He hatched before the lightbulb was invented!
Jonathan the tortoise was a little hatchling when the year was 1832.
Back then, the world was a completely different place; the lighting had not yet been conceived, and automobiles were still a half-century away.
Jonathan, a Seychelles giant tortoise, however, survived to witness it all. He’s the world’s oldest known mammal, estimated to be approximately 189 years old, and he’s been lounging on the secluded island of St. Helena in the South Atlantic since the late 1880s.
One of his primary caregivers is Teeny Lucy, the local SPCA’s chairman. Jonathan resides on the verdant grounds of the ancient governor’s palace, where Lucy and others bring him fresh vegetables throughout the week.
In 2019, Lucy told The Dodo, “Jonathan is an icon here.” “He’s a great old gentleman who’s seen everything.” He arrived in St. Helena as an adult in 1882 and has witnessed generations of people come and depart.”
Many people have been amazed by Jonathan’s longevity, Lucy added. He is the oldest of his three friends at the home, who are all gigantic tortoises; his pal, 82-year-old David, is the second-oldest tortoise.
Jonathan is probably completely blind, although he manages to get around rather effectively. He usually spends his days sunbathing, eating on grass, and relaxing with his tortoise pals. For someone of his rank, it’s a remarkably tranquil existence; his likeness is even on the reverse of the little island’s five penny currency.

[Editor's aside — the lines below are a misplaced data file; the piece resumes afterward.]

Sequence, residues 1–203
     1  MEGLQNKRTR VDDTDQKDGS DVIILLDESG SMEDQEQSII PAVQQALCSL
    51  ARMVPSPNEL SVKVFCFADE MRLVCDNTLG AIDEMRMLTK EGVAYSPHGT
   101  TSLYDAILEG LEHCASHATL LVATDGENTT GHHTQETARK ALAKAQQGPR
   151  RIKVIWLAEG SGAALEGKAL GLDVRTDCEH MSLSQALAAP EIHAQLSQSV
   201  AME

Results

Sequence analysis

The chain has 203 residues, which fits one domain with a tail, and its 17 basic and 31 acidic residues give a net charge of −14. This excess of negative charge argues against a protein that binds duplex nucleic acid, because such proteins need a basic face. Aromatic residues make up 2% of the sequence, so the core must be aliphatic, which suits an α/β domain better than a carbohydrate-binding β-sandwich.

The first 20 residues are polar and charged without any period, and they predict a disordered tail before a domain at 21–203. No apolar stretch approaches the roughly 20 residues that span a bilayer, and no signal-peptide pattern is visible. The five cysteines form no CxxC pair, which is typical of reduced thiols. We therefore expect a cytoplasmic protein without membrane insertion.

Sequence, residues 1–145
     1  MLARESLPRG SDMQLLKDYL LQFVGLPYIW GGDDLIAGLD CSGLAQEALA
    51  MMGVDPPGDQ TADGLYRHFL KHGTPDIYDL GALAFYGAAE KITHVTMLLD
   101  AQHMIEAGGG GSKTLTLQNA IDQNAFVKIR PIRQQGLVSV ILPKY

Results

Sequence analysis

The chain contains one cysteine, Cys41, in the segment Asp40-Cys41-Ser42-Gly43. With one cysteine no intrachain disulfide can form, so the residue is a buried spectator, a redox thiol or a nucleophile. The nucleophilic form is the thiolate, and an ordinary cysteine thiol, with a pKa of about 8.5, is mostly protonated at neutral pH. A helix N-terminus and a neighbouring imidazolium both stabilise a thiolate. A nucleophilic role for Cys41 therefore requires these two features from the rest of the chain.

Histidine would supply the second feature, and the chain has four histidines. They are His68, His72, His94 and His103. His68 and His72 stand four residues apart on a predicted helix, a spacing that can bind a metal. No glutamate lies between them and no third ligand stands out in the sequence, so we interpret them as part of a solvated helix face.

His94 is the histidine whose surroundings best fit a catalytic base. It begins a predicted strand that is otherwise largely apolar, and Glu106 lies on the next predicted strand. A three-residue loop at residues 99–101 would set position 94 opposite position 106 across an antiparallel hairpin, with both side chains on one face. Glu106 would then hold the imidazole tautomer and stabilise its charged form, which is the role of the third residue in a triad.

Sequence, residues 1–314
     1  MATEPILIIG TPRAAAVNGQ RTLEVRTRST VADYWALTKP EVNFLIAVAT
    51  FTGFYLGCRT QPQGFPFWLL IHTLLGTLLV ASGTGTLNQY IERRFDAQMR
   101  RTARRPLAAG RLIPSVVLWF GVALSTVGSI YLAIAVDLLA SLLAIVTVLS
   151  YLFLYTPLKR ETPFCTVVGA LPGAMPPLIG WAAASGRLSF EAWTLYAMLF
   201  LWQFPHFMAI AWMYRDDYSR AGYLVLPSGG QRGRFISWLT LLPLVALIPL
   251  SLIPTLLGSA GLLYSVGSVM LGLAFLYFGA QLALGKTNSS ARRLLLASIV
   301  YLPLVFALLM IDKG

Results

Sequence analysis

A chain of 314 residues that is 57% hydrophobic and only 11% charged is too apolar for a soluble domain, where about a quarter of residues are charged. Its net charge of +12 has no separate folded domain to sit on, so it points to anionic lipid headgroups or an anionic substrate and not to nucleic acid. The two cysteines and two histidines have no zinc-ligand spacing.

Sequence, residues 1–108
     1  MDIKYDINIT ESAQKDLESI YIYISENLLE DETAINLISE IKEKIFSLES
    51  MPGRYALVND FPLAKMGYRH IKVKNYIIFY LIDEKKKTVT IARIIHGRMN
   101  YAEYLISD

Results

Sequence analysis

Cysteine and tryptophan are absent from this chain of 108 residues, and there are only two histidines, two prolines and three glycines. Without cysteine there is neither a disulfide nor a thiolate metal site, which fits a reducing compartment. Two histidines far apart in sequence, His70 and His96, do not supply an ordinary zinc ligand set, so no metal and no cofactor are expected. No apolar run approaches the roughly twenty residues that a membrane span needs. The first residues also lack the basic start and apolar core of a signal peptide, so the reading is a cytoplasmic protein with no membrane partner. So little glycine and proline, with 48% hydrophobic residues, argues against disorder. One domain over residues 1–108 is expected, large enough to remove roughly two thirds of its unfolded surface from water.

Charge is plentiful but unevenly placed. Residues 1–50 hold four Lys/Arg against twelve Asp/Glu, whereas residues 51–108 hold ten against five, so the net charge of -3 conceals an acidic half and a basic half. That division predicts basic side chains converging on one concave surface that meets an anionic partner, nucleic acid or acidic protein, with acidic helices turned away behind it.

“As the world’s oldest land mammal, he has practically regal status here,” Lucy explained. “As long as people walk gently around him, he is respectable and interacts in a kind manner.” He is adored by all of us.”
Jonathan is unquestionably a joyful and outgoing guy, but he began experiencing physical concerns a few years ago. Fortunately, a simple diet modification was all it needed, and he’s now in terrific health and still going strong, according to Lucy.
“A few years ago, we began feeding Jonathan on a weekly basis to complement his grass diet and improve his nutrition,” she explained. “This was because the island vet saw his beak (with which he scythes grass) was fragile and crumbly, as well as the fact that he was too chilly and had lost weight. Everything has now turned around, and he is as fit as a fiddle!”
Jonathan has had a lot of different caregivers over the years, and it’s evident that he likes them all the same – as long as they bring him his favorite treats, of course.
“He recognizes mine and the vet’s voices and reacts by walking toward us,” Lucy explained. “It’s all about the food!” says the narrator.